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Strebler's Perspective

February, 2017 Archives

How High?

By Jon S. Strebler

 

We’re long past “Is the stock market bullish or bearish?”, and well into the “How high can it go?” phase. More people are weighing in on that question, and surely we’ll be reading more and more on the topic.  

 

Our own Dow Theory Team wrote about the very important psychological stages of markets last Friday, and also on the value of keeping an eye on market breadth, e.g. the A/D line, which we would do well to keep in mind going forward. Richard Russell often reminded us of the folly of trying to guess how far a bull (or bear) market could go. It was, he believed, an exercise in futility; instead, stay with the primary trend until it changes, he advised. That is the reason Richard created the Primary Trend Index (PTI) decades ago, and it has served readers well.

 

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Financial Deregulation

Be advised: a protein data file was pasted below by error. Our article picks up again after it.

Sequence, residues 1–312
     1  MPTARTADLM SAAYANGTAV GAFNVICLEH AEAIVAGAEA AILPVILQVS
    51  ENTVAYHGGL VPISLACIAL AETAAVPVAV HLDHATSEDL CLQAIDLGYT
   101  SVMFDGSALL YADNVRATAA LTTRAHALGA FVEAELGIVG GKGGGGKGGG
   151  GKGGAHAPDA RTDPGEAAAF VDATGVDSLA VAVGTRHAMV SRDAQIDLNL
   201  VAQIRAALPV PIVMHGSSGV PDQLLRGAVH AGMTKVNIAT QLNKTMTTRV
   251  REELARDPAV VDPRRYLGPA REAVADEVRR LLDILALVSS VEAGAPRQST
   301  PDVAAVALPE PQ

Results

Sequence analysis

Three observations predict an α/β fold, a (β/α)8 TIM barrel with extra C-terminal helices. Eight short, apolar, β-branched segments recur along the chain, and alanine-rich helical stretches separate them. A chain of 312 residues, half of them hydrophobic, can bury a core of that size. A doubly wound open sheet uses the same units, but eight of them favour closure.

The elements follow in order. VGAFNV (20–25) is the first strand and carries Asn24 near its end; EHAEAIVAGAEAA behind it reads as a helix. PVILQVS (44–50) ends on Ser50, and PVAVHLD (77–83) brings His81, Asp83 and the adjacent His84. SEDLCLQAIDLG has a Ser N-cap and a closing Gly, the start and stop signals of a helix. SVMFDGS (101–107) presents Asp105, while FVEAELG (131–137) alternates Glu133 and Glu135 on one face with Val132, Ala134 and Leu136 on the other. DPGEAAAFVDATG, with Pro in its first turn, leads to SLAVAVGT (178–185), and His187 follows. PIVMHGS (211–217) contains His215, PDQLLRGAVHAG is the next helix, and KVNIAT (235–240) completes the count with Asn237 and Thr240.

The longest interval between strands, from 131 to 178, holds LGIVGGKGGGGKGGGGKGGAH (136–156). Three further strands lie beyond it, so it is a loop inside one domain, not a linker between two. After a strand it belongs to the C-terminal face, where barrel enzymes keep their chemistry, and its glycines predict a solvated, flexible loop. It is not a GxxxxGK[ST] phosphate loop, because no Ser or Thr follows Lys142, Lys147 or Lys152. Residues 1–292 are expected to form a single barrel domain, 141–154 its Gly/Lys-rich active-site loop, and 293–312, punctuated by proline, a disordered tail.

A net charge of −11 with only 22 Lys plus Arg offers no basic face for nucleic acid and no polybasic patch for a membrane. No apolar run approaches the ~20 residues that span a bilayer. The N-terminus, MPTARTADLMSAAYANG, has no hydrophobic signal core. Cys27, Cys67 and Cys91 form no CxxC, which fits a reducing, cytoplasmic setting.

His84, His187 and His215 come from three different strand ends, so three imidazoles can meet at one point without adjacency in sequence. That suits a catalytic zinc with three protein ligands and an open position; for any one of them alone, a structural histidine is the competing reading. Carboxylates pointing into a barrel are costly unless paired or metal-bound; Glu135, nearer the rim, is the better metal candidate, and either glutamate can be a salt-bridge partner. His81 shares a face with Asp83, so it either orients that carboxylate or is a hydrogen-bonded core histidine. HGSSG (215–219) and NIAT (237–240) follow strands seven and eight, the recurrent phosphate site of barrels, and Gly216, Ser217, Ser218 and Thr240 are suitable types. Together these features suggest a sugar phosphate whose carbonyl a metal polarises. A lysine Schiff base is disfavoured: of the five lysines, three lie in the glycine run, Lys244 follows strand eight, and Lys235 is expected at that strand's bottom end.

by Jon S. Strebler

The FDIC shows the following national average rates paid to depositors as of last Friday, who are the major source of funds for banks. These rates are essentially the same as rates shown by the FDIC for November 6, 2016 – before the election and the beginning of a spike in interest rates. In other words, banks have not had to pay depositors significantly more today than they did in early November. And by the way, these rates for jumbo deposits aren’t much different than what people get on smaller deposits; either way, just about nothing!

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Revolution?

By Jon S. Strebler

The US stock market’s period of sideways indecision lies even further back in our rear view mirror after the action of the past few days. Yesterday all major US stock indices scored new highs for the third day in a row, as the value of the S&P 500 topped $20 trillion. This has added even more credibility to calling this one of the rip-roaringest bull markets of all time, while at the same time some analysts are saying it’s time for the bears to finally throw in the towel. 

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Deregulation: SAD?

by Jon S. Strebler

 

Economics lies at the heart of business and finance. And at the heart of economics is the truism that there’s never enough to go around – of virtually everything, everywhere, every time. Economics determines what gets made, how and where it gets made, and who gets whatever is made. Right along with economics’ basic truism is the concept of trade-offs: Everything has a cost (and not just financial), and if you want more of something, you’re going to have to accept less of something else.

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